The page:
Keep it simple: Don’t waste a ton of time dicing your onion to the perfect size unless it’s necessary. We often just cut the onion in half, cut one slice through the middle of the half, and then cut thin slices. This is just fine for most applications.
Favorite ways to cook onions:
- Cut into thin slices and cook down over ground beef for basically any dish (chili, tacos, veggie-packed marinara bowls, etc)
- Cut into quarters and place under roast in the crockpot
- Sautee with carrots and celery as a base for homemade chicken soup
- Sautee with butter before adding fresh snap peas or green beans
- Soak a peeled red onion in very cold ice water before thinly slicing for raw consumption
Okay, I am TOO lazy for carrots. You have to peel them! That’s a pretty low barrier to entry, but I’m often too lazy for that. But when I do peel carrots, I LOVE THEM! I used to eat so many carrots and orange foods when I was a kid that I turned slightly yellow. True story.
Keep it simple: Peel quickly to get it over with. Focus on cutting pieces around the same size to cook evenly.
Favorite ways to cook carrots:
- Peel and cut into large chunks to add to pot roast in the crockpot (FAVORITE)
- Boil coins and serve with a pad of butter
- Sautee with onions and celery as the base for homemade soup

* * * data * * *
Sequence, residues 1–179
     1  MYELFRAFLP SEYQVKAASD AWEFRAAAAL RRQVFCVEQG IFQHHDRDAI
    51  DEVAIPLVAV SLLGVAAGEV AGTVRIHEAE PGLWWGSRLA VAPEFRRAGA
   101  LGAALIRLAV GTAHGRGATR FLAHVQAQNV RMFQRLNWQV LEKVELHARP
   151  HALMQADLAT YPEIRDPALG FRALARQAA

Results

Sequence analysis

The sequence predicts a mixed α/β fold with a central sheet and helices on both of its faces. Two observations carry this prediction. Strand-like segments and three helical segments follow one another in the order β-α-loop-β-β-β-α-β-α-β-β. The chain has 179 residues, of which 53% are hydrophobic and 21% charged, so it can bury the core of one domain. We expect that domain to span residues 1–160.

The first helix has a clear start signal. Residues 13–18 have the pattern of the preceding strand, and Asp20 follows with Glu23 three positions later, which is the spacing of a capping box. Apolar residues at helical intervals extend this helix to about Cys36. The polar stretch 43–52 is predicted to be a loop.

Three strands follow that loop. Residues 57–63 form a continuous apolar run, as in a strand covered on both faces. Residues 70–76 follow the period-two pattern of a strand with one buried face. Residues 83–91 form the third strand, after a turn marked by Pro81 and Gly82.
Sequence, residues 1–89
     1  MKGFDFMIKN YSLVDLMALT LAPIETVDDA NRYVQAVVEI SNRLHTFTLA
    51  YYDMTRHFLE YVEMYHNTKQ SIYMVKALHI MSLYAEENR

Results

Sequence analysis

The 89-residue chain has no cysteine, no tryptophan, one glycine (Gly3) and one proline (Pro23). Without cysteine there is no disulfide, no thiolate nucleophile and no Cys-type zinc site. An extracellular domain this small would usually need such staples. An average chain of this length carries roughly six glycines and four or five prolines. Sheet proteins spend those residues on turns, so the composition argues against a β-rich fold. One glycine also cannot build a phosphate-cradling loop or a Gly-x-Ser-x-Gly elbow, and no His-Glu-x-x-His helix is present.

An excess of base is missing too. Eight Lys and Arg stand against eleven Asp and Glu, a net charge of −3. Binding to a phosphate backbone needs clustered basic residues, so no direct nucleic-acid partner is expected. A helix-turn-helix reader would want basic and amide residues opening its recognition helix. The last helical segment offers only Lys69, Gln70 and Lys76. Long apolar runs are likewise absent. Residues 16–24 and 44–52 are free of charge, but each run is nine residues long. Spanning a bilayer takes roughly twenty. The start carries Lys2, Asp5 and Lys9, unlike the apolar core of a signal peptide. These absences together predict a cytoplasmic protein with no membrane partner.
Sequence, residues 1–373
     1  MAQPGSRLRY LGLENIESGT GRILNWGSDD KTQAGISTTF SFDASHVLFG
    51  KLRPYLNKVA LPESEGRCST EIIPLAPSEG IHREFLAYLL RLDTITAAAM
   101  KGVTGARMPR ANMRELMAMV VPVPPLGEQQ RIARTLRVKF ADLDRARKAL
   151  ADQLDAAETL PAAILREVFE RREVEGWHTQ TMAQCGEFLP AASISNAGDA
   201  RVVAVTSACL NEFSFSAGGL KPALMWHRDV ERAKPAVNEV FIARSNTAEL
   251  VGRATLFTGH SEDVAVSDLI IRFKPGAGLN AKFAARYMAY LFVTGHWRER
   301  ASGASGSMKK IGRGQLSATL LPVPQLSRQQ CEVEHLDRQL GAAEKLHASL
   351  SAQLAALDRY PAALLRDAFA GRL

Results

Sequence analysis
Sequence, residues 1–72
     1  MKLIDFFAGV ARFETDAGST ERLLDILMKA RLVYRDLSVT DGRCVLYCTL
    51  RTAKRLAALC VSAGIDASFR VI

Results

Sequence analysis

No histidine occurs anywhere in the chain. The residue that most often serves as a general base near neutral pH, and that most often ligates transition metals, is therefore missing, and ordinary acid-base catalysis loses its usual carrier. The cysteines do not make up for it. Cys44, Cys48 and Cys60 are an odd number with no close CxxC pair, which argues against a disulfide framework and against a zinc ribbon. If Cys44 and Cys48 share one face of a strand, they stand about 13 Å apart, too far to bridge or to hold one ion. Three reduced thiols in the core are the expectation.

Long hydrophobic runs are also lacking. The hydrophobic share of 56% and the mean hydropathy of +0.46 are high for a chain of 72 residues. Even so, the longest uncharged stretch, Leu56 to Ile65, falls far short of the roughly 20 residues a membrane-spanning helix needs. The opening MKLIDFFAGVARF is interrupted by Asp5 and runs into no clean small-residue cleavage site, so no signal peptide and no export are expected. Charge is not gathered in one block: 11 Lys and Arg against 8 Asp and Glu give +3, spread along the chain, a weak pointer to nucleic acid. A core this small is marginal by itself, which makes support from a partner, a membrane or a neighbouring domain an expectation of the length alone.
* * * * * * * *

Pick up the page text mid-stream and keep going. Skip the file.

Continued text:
- Peel and roast in sticks (so sweet and yummy! Make three times as much as you think you’ll need because you’ll eat them all in one sitting)
We do always have celery on hand, but it’s not as glamorous as the rest of the vegetables. We don’t typically eat it on its own, but we layer it with other vegetables to build flavor quickly. It’s part of a classic mirepoix – the French combination of celery, onion, and carrots at the base of so many soups and broths.
Keep it simple: Don’t worry about removing the leaves. They add even more celery flavor! I just wash my celery, cut off the very top end, and thinly slice the whole head.
Favorite ways to cook celery:
- Cut into large chunks when cooking a whole chicken in the Instant Pot (don’t forget the onion!)
- Slice into think coins to sautee with onion and carrots as the base of a stir fry
- Finely slice to sautee with onion and carrot as the base of any type of chicken soup (noodle, dumplings, etc)
Best Vegetables for Quick Dinners to Keep on Hand
Although I love all of these vegetables, they are certainly not the only ones out there! We regularly grow a wide variety of crops in our backyard garden and especially love snap peas and green beans. However, those crops are so seasonal that we only eat them in the summer.
We also grow a lot of tomatoes that I enjoy eating in thick steaks with sea salt (we do always have canned tomatoes in the pantry). We’ve been growing tomatillos lately and love their sweet, tangy flavor! We eat so many different crops seasonally, but we use the vegetables in this list as the basis of most of our meals. They’re so versatile, long-lasting, inexpensive, and flavorful.
Which vegetables do you always keep on hand? Are there any you only eat a certain time of the year? Tell us below!